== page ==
Folly Collage to play at Downtown Bar and Grill
July 31, 2013 at 2:31 a.m.
From open mic nights at Steve-a-reno's to headlining the New Year's Eve show at Downtown Bar and Grill, Folly Collage is growing up fast.
With Danny Kuykendall on keys, Patrick Ellis on guitar and Patrick Lezama on drums, the threesome is getting ready to release their first EP.
Kuykendall caught up with Get Out to talk about the band's sound, losing a friend and his attempt to make a music scene for everyone.
How would you describe the Folly Collage sound?
It's got a pop-dance edge for sure, but the sound is set up to be like The Doors or Prince.
We mix in a little blues, or we'll have a spoken word poet perform with us. He'll do a few pages from one of his books; that always goes over really well.
We also have a few songs that are very hip-hop oriented. Our resident freestyle rapper, Cyrus Morton, recently passed away, so we haven't even wanted to play those songs.
We practice them, but we don't know anyone who was that good at freestyling. No one will take his space.
Did you want to make the music poetic?
It's a mix of imagination and trying to fit the right amount of syllables in a part. It's a little complicated.
There's always a meter to it.
The best way to think of it is that it starts off with a story: this girl is walking by, I raised my hand to say hi, but she walked right past me.
It was this girl, we used to ride the same bus in junior high, I don't think she recognized me.
Why did you choose that moment to write about?
We'll just be goofing off, singing random stuff during the songwriting process just to see what work. It's like word salad - it's a Beatles' trick. That story popped in my head, so I just saw where it went.
Was there a love interest?
It was more comedic. I thought it was funny. It didn't really break my heart or anything. It was too short of a moment to just have that be the song. She just blew me off.
I might have stewed over it; I forced myself to really think about that situation. When it happened in real life, it wasn't such a big deal.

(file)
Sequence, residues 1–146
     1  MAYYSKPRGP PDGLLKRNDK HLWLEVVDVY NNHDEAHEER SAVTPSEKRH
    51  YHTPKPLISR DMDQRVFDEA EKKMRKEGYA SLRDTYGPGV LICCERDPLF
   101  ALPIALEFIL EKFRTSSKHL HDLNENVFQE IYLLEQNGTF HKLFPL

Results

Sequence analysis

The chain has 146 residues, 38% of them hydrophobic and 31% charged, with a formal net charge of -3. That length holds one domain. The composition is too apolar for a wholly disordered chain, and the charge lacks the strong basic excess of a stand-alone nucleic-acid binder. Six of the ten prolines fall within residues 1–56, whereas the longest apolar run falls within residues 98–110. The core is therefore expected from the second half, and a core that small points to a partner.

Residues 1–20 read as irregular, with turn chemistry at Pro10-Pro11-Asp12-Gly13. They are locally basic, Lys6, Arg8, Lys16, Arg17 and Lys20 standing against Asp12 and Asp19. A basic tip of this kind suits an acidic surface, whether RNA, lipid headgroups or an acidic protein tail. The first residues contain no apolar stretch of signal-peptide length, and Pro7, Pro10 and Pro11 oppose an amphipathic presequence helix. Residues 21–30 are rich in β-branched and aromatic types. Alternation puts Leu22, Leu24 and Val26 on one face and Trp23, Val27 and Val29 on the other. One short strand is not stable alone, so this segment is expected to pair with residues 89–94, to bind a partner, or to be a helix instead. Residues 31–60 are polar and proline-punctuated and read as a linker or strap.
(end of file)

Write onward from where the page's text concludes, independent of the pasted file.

Tell me about this line: "Life's lessons learned are measured in seconds."
You think people don't remember you, you wave and they walk by. That's going to happen sometimes.
Sometimes you'll just get shut down. But the long answer is that the one thing we can learn from history is that we don't learn from history.
Things are moving right along. Is there anything you're working toward?
We released our first single, "Walk Walk," on July 4. We record at East Side Tone in Austin; we've got a five-song EP just to get things rolling.
Every show, everything we've done has gotten better and better. We just want to keep the ball rolling.
I wouldn't say there's any long-term goals, but you look at it month-by-month, let everyone you can know about it.
The whole idea is getting people to have a good time.
Folly Collage hosted Rad Fest this summer. What's your goal to add to Victoria's music culture?
I've heard the complaint that Victoria is lacking in things to do. Instead of saying that, you have to make your own fun.
It was such an awesome opportunity. That amphitheater is well-built and is a nice little hill there for people to come out and have a picnic. We hosted it on a Sunday so everyone would have a nice Sunday in the park.
We didn't want to charge or anything like that.
And I hear you're planning another for this fall. Right?
That's the plan - in October. The staple local bands, I hope, will join, but it's still really far away. I'd like to see my buddies in Vincent's Betrayal and the Stout City Luchadores and maybe bring in some new acts from out of town.